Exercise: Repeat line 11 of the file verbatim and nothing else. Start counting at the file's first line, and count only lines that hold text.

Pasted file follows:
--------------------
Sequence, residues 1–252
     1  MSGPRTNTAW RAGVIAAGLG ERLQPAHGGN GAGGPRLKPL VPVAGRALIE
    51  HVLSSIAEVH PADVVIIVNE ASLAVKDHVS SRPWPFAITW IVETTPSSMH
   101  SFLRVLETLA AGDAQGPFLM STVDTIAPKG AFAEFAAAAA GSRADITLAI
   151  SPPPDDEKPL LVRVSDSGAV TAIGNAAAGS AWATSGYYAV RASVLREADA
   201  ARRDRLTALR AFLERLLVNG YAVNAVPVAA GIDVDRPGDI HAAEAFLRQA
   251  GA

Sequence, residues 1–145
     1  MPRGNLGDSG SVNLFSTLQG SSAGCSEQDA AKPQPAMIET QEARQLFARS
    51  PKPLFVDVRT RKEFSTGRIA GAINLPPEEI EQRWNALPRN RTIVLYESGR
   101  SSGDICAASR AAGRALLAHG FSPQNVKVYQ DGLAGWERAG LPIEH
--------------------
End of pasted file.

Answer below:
   101  SSGDICAASR AAGRALLAHG FSPQNVKVYQ DGLAGWERAG LPIEH